Google reveals years-long ‘indiscriminate’ iPhone hack

Once installed, the malicious software primarily focused on stealing files and uploading live location data. (File/Shutterstock)
Updated 30 August 2019

Google reveals years-long ‘indiscriminate’ iPhone hack

  • Most of the vulnerabilities targeted were found in the iPhone’s default Safari web browser
  • Once embedded in a user’s iPhone, the malicious software sent back stolen data

WASHINGTON: Google security experts uncovered an “indiscriminate” hacking operation that targeted iPhones over a period of at least two years and used websites to implant malicious software to access photos, user locations and other data.
In a post Thursday on the blog of Google’s Project Zero security taskforce, cyber experts did not name the hacked websites hosting the attacks, but estimated they received thousands of visitors a week.
“Simply visiting the hacked site was enough for the exploit server to attack your device, and if it was successful, install a monitoring implant,” said Project Zero’s Ian Beer.
Once installed, the malicious software “primarily focused on stealing files and uploading live location data,” Beer said, adding it had been able to access encrypted messenger apps like Telegram, WhatsApp and iMessage.
Google hangouts and Gmail had also been affected, he added in the post, which provided a detailed breakdown of how the malicious software targeted and exploited iPhone vulnerabilities.
Most of the vulnerabilities targeted were found in the iPhone’s default Safari web browser, Beer said, adding that the Project Zero team had discovered them in almost every operating system from iOS 10 through to the current iOS 12 version.
Once embedded in a user’s iPhone, the malicious software sent back stolen data, including live user location data back to a “command and control server” every 60 seconds.
Beer said Google had informed Apple of the attacks in February, and Apple subsequently released a security patch for the iOS 12.1.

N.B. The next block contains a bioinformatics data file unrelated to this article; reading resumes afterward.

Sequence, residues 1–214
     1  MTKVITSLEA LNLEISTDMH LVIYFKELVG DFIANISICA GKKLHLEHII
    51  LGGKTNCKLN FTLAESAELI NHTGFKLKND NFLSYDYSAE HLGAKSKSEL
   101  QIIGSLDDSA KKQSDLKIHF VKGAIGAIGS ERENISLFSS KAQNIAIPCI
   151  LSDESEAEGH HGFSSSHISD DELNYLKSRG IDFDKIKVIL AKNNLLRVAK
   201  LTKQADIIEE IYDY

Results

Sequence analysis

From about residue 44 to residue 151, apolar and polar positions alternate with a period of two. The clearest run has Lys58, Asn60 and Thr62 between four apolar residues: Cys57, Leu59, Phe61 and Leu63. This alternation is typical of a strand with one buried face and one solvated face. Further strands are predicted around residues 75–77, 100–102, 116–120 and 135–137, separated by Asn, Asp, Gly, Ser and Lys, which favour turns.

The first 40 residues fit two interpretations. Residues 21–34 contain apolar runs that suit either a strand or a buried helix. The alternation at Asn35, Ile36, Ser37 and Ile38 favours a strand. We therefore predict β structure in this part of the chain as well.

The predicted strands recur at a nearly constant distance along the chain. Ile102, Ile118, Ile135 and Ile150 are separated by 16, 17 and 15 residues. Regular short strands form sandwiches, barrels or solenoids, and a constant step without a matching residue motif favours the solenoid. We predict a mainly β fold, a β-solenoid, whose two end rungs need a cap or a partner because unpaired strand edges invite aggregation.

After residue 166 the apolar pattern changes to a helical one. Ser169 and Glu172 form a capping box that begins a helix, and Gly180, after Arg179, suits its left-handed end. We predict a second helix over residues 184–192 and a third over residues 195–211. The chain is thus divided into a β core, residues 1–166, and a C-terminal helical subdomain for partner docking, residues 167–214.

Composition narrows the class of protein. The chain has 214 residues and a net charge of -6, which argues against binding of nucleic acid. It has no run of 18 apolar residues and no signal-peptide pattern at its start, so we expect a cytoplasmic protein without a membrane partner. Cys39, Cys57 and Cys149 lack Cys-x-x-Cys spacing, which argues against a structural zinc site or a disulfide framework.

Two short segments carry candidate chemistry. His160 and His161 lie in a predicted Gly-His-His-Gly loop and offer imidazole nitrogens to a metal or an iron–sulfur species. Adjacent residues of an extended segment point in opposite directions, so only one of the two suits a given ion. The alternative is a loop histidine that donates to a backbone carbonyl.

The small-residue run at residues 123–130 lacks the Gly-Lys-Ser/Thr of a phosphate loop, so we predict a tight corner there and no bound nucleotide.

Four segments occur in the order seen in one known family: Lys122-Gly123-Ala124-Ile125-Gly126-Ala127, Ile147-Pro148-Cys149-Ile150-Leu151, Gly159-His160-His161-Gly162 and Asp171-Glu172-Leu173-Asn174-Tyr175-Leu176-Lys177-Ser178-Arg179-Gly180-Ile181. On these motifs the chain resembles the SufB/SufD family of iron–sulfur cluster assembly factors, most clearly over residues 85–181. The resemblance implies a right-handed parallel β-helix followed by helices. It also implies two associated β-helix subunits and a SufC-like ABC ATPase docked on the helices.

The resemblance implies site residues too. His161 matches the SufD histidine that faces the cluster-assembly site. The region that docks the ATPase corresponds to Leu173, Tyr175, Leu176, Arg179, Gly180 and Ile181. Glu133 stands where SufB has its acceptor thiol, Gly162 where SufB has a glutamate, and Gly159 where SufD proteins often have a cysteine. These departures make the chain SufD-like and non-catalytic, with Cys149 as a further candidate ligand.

Long the driver of Apple’s money-making machine, iPhone revenue overall was down 12 percent from last year to $26 billion.
The tech giant sent out invitations on Thursday to a September event at its Silicon Valley campus where it is expected to unveil a new-generation iPhone.


Twitter ties 130 accounts trying to disrupt first Trump-Biden debate to Iran

Updated 01 October 2020

Twitter ties 130 accounts trying to disrupt first Trump-Biden debate to Iran

  • Says it was able to identify the threats based on information from the FBI

RIYADH: Twitter on Thursday said it has expunged more than a hundred accounts that tried to interfere with the public debate between US President Donald Trump and his Democratic challenger Joe Biden on Tuesday night.

"Based on intel provided by the @FBI, last night we removed approximately 130 accounts that appeared to originate in Iran. They were attempting to disrupt the public conversation during the first 2020 US Presidential Debate," the American social networking service said in a statement.

 

"We identified these accounts quickly, removed them from Twitter, and shared full details with our peers, as standard. They had very low engagement and did not make an impact on the public conversation. Our capacity and speed continue to grow, and we'll remain vigilant," it said.

"As standard, the accounts and their content will be published in full once our investigation is complete. We’re providing this notice to keep people updated in real time about our actions. We wish to thank the @FBI for their assistance," Twitter said.

Iran and China are suspected of trying to interfere in the forthcoming US election to help Biden win, while Russia is said to have continued supporting Trump.

 

Weighing in, Twitter users took sides, with some slamming Iran and others blaming the social networking site for favoring the US president.

 

"Those activities against the American people were directed by (Iranian supreme leader) Ali Khamenei who has multiple accounts on Twitter. Perhaps Khamenei shouldn't have Twitter accounts to promote his malicious activities," tweeted Sam Kermani. @CTGR8

"Iran must be a lot worse then China, Russia, lots of other country's and even a ton of organizations in the United States with not getting caught doing that sort of stuff," added @mike10dude.

Alfredo Montanez (@Deadpool650) said Twitter should also "remove Trump's tweets when he posts fake information about voting information and Covid19 instead of just putting a label on it."

"Thank you. Would you mind banning the account of our biggest threat to democracy, Donald Trump?" chimed in Helen Armstrong (@HelenArmstrong5).